Allied Health Professions and Quality Improvement- a perfect fit.

A blog by @lauraneilAHP , Laura Neil, Lead for Allied Health Professionals and Interim Head of Clinical Governance and Quality Improvement, NHS 24.

I was very humbled to be asked to feature on a QI podcast recently and although the recording of the podcast was a free-flowing discussion, to help me prepare I couldn’t help but reflect on my career to date.

I am an occupational therapist who for the past few years has been fortunate enough to work both in AHP roles and in QI roles both within the organisations I have worked for and also fortunate enough to sit on national groups for each. Although separate worlds and separate roles in many ways, I have frequently reflected on how each role influenced the other and how AHPs just seem to fit with QI!

Looking back, I was always interested in service improvement and ‘projects’; I have probably always been curious and trying to make things better. Although I did some training in clinical audit and research many years ago, I only realised that what I was trying to do had a name and methodology when I fortuitously stumbled upon an opportunity (what’s for you won’t go by you!) to join one of the Academic Health Science Networks in London as a Frailty Fellow and subsequently programme manager. It felt like a huge gamble at the time, leaving stable NHS employment, but this was where I was introduced to the world of Quality Improvement and very fortunate to be learning and working with some of the leaders in this field in the country.

The post at NELFT therefore felt like a dream to me; the chance to both continue my QI journey but also to step back into the AHP world where my heart and professional identity lay. Although at NELFT we developed a QI programme open to all staff regardless of role and banding, something I am very passionate about; it was also heartening to see that AHPs were probably our most engaged group (speech & language therapists in particular!). We also attracted some AHPs into working in the QI team, our QI manager was a physio and after I left, it was another occupational therapist who took up the director role. There is obviously something that resonates for AHPs. I think there are two key reasons for this:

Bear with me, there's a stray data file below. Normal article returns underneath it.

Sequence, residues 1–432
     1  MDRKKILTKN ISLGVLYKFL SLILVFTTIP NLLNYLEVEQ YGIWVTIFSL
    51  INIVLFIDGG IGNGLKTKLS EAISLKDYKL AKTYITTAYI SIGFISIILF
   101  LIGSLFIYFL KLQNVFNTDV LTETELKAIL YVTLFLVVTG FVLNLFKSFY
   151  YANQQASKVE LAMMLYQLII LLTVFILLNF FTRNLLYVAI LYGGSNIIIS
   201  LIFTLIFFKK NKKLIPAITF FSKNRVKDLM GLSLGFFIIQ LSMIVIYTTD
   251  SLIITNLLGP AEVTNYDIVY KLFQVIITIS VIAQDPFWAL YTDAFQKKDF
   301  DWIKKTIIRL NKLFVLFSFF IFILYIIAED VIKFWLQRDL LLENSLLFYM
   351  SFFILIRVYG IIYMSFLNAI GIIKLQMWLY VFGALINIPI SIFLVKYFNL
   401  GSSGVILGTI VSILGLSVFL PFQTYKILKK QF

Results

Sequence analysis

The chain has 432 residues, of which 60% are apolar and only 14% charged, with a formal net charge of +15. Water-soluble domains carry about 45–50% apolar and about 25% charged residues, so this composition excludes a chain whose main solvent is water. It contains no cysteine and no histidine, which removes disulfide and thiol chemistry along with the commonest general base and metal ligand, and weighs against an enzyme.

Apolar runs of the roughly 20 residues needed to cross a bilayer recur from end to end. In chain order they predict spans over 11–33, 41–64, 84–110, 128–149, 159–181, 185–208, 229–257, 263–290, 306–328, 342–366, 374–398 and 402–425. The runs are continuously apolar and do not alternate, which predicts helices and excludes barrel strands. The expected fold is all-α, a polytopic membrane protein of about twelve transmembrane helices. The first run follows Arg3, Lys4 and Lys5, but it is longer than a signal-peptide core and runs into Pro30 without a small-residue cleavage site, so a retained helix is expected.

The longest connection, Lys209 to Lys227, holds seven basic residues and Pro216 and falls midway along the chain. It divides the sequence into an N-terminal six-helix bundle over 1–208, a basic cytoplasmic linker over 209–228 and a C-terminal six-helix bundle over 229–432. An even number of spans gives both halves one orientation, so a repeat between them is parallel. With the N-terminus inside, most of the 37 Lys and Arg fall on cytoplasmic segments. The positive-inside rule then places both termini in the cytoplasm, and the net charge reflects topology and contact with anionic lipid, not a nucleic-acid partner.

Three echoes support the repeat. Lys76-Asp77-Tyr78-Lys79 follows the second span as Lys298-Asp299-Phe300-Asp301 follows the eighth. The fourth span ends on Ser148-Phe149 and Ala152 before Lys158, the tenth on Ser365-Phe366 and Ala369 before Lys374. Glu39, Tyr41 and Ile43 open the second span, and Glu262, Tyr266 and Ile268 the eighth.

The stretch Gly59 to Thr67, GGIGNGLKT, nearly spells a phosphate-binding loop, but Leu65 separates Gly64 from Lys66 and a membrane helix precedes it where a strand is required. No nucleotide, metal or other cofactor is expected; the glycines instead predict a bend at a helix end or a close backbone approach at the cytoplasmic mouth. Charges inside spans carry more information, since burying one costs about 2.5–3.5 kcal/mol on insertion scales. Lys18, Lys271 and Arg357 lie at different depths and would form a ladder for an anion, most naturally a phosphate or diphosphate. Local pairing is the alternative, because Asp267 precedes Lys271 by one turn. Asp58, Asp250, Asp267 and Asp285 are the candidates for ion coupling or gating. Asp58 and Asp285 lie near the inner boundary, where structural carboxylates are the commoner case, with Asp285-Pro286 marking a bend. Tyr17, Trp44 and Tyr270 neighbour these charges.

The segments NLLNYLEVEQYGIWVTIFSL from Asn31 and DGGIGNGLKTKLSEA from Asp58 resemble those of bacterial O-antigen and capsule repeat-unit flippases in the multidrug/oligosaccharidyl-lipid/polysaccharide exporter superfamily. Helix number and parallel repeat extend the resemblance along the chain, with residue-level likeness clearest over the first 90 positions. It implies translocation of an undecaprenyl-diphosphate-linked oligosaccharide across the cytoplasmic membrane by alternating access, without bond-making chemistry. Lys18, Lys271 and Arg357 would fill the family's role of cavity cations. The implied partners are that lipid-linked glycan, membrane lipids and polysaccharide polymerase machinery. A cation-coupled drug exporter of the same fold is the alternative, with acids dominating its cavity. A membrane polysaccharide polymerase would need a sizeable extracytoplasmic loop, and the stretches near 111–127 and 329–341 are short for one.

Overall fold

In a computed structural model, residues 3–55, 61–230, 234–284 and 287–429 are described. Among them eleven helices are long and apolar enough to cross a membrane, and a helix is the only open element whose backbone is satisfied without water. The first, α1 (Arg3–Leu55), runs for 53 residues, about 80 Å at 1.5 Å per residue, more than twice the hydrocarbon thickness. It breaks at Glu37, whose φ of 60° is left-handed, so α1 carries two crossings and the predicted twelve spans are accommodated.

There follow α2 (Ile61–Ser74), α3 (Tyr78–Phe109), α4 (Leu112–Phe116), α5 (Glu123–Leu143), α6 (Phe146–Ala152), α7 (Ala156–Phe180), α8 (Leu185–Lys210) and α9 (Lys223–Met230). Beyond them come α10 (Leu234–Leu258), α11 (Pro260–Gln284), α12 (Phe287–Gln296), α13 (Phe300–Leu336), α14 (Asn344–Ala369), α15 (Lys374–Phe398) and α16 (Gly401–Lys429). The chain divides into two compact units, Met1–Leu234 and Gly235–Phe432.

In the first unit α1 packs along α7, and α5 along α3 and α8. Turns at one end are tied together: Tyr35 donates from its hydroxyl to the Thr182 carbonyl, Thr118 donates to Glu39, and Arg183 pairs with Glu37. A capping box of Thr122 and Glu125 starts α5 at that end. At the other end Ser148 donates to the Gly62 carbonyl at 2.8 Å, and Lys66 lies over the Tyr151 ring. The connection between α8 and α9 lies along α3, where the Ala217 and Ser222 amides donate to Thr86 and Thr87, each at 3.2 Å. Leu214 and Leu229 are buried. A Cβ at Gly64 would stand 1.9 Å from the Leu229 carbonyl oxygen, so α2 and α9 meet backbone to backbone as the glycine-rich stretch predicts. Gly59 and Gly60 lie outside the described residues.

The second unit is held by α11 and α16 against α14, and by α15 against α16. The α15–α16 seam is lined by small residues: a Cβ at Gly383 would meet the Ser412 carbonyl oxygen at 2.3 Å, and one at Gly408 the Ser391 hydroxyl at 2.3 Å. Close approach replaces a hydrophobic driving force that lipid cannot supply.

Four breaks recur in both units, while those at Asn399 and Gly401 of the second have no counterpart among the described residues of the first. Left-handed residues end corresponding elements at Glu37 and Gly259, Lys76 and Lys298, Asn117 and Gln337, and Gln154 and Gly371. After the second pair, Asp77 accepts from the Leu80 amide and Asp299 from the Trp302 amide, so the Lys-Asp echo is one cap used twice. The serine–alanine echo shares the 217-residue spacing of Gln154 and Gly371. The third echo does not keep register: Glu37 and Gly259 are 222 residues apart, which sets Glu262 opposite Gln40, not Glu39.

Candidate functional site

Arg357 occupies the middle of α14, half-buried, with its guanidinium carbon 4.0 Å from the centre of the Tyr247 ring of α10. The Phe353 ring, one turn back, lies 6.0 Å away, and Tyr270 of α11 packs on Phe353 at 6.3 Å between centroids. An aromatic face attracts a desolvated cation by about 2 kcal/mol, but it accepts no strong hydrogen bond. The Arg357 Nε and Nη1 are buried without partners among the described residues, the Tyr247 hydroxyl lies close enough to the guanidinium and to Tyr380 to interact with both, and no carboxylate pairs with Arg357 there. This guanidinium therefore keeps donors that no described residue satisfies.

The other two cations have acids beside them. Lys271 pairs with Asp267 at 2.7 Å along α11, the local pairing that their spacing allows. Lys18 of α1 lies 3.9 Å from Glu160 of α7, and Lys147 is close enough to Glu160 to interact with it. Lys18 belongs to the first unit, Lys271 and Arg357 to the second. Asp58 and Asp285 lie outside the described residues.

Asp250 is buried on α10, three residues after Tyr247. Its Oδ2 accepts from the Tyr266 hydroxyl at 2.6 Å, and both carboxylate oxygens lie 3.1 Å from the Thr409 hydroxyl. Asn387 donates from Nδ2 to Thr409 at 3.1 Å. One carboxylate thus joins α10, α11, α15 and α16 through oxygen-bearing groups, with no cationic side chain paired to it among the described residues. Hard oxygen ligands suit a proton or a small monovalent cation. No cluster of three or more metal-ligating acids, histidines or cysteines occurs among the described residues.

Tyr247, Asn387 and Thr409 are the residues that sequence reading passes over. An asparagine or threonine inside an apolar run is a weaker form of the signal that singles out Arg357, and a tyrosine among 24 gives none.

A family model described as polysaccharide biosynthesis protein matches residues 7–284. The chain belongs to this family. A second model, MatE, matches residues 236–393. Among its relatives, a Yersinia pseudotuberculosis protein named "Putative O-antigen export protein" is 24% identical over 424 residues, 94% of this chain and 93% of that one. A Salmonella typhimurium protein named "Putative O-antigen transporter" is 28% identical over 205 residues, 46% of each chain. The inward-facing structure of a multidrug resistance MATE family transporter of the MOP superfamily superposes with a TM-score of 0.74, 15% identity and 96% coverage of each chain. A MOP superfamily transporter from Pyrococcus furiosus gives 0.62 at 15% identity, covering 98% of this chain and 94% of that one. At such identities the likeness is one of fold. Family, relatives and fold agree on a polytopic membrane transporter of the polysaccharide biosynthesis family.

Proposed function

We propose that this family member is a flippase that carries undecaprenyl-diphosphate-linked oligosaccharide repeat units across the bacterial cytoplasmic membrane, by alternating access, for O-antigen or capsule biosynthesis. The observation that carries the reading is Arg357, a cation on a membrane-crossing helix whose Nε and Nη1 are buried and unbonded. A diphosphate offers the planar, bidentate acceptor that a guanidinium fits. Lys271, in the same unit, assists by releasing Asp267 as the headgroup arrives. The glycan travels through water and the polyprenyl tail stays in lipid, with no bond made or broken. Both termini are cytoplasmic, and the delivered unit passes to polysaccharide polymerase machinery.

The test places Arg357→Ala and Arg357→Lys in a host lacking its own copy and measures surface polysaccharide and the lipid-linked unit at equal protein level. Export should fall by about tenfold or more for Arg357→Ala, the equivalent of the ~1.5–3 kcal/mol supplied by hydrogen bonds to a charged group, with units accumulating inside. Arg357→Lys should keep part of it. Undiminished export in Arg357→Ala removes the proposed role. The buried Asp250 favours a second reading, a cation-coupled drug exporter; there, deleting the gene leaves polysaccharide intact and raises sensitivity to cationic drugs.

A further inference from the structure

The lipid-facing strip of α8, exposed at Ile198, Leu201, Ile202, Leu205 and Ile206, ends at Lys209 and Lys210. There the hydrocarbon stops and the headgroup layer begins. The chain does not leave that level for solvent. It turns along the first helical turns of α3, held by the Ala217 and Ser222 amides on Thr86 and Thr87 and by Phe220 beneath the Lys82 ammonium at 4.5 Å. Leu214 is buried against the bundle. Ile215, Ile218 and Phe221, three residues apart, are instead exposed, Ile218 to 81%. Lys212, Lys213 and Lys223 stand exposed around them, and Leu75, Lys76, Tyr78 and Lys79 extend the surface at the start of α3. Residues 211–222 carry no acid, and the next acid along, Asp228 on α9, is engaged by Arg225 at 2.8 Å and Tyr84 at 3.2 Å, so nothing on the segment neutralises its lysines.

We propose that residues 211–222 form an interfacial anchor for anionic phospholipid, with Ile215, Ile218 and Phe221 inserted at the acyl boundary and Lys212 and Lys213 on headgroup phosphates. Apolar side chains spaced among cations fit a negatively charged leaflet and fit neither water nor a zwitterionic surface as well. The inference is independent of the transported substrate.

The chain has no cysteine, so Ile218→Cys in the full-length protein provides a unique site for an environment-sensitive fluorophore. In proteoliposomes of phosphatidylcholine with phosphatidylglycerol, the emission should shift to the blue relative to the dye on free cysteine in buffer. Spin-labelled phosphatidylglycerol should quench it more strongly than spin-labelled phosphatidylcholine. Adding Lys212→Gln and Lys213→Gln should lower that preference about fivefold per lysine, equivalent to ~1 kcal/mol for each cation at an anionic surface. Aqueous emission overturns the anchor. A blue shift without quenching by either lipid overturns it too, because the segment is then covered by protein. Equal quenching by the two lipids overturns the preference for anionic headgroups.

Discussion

We tend to think very logically and pragmatically. The QI process very much aligns to the rehabilitation process – we assess, we plan an aim, we plan our intervention, and we measure the outcomes, then adjusting our intervention accordingly.

I also think AHPs are also curious (that word again); we want to understand, we want to think holistically and system wide and we want to make things better.

And I think there are many benefits to AHPs engaging in QI, at all levels.

As professions we tend to struggle to evaluate the outcomes of our interventions. QI often feels like a more accessible starting point than traditional research to try and do this. Yet QI, when done well and following a robust methodology, is increasingly publishable and presentable.

Thinking about my dual roles I also feel that it is important that we step out of AHP silos. Working in wider roles has given me the opportunity to influence at a strategic level and bring a different lens, whilst hopefully bringing AHPs along in the journey. Whilst in the Incident Management Team in my previous organisation, a nursing colleague commented that I tended to think about things differently as an AHP and that he felt that this was a positive influence to that team; it may also have been my QI background, or perhaps the combination of both. AHPs ended up leading a number of our trust-wide workstreams during the pandemic and the subsequent recovery planning; and did this very well. As AHPs we shouldn’t be afraid of stepping out of traditional AHP leadership roles into wider leadership roles where we can often bring a very important and useful different perspective. This doesn’t mean stepping away from our AHP identity, more bringing our perspective to the wider system.

So what is my advice? Be curious. Ask questions. Think of how things could be different and better. QI can give you a methodology to test out new ways of working and prove the impact. And don’t be afraid of bringing a AHP lens to wider discussions.

              ‘I have no special talent. I am only passionately curious’ – Albert Einstein

Laura Neil,

Lead for Allied Health Professionals and Interim Head of Clinical Governance and Quality Improvement, NHS 24.

Previously Director of AHPs & Psychological Therapy and Director of QI, NELFT.

Additional information

The Quality Improvement Zone ( QI Zone) is a learning and resource site from the NHS Education Scotland Quality Improvement team;


Leave a Reply

Fill in your details below or click an icon to log in: Logo

You are commenting using your account. Log Out /  Change )

Facebook photo

You are commenting using your Facebook account. Log Out /  Change )

Connecting to %s